The United States has agreements in place with 28 nations specifying which country should get your Social Security benefits. Generally, the agreements allow for the use of credits earned in one nation in the computation of benefits in the other. This is critical because, without such an agreement, you may be obliged to contribute to two systems—and obtain just one benefit!
23. Expats’ Income Earned in the United States Is Not Automatically Tax-Exempt
Income earned on US land is not considered foreign earned income and hence is not eligible for the Foreign Earned Income Exclusion from US taxes.
If you are required to pay taxes on that income in another nation, you may be entitled to use the Foreign Tax Credit to offset the US taxes you owe.
24. You Must Report Rental Income on Your US Tax Return
You must report to the IRS all rental income (international and domestic). Numerous expenses relating to the property, on the other hand, might be deducted from the expatriate tax burden.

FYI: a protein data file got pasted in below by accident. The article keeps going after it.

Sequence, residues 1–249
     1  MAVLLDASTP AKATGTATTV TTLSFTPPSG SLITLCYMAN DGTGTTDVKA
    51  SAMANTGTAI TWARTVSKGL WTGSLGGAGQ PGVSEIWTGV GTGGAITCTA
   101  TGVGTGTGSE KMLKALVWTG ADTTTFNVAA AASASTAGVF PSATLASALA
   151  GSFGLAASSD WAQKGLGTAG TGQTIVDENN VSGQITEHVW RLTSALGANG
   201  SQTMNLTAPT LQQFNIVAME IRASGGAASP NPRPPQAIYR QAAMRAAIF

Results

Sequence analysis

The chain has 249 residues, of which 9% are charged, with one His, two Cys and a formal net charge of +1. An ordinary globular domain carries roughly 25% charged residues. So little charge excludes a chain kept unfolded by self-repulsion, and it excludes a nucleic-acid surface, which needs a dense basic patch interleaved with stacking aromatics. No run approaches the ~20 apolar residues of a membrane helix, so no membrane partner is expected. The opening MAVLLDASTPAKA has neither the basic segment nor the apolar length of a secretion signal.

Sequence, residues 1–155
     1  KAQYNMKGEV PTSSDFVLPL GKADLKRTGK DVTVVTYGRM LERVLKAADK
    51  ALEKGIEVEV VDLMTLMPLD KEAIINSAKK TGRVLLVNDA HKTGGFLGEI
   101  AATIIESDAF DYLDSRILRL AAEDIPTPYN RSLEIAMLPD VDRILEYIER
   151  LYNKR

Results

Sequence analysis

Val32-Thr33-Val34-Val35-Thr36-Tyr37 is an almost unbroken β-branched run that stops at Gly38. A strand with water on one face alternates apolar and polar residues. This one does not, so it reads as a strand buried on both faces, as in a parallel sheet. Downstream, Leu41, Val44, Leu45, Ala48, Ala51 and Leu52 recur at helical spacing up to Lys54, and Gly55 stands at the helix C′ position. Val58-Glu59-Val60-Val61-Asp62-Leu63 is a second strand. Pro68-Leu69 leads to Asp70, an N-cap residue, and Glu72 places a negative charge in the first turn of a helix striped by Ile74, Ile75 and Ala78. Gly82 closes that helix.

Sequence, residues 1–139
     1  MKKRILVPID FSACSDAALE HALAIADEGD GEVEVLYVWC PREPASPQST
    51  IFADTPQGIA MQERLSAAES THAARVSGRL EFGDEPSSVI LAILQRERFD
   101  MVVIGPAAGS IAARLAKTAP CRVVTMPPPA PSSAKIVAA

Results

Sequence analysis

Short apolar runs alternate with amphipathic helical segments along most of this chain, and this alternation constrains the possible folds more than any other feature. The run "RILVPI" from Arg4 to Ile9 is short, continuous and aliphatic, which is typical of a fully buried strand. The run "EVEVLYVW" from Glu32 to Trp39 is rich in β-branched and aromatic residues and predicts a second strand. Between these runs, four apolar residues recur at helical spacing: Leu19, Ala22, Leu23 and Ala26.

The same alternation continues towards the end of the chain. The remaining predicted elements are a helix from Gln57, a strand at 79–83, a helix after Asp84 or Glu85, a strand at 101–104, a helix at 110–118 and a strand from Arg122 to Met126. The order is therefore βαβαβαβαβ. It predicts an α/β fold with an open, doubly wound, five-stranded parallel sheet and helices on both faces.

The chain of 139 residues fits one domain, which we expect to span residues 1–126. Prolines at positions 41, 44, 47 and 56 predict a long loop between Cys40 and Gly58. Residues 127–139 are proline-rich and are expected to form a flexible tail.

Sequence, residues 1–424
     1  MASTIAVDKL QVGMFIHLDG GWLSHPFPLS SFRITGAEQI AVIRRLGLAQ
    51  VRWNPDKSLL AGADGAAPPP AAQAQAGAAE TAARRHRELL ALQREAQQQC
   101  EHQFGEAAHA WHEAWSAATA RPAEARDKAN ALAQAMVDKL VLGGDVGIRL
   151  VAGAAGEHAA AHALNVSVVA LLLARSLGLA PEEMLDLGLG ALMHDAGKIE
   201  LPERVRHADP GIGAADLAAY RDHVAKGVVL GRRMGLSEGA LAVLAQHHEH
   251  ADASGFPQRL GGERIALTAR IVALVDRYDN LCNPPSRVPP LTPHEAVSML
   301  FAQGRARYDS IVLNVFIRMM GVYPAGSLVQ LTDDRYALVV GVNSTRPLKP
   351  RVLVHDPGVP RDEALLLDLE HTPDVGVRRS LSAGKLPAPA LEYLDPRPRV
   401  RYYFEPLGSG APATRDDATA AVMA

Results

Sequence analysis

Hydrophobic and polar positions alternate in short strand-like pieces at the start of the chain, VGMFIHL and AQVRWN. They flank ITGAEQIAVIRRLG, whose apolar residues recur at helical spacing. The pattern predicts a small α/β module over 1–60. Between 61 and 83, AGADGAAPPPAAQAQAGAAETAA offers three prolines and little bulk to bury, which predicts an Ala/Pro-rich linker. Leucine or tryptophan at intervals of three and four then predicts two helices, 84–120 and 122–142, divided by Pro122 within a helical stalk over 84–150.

Property repairs are immediately deductible, but improvements take a little longer. How can you differentiate? While repairs restore the property to its former state, renovations boost the property’s worth or extend its useful life.
While they are distinct, you should keep track of both repair and improvement spending for your rental property. Repairs are deductible, and renovations are included in the calculation of capital gains or losses on your expat taxes if you sell your property.
25. Certain States Require Residents Abroad to File a State Tax Return
When determining whether or not you are required to submit a state tax return as an ex-pat, one key factor is your intention to return. Each state has its own set of rules surrounding domicile and permanent place of abode, which play a role in determining whether you are regarded as a resident and hence need to file.
For instance, Massachusetts law stipulates that one “may not change his or her domicile by taking a temporary or longer-than-expected leave from the state.” You must have no intention of returning.”
Other states where you may be required to file a state tax return include California, New Mexico, North Carolina, New York, and Virginia. Verify with your state to be assured.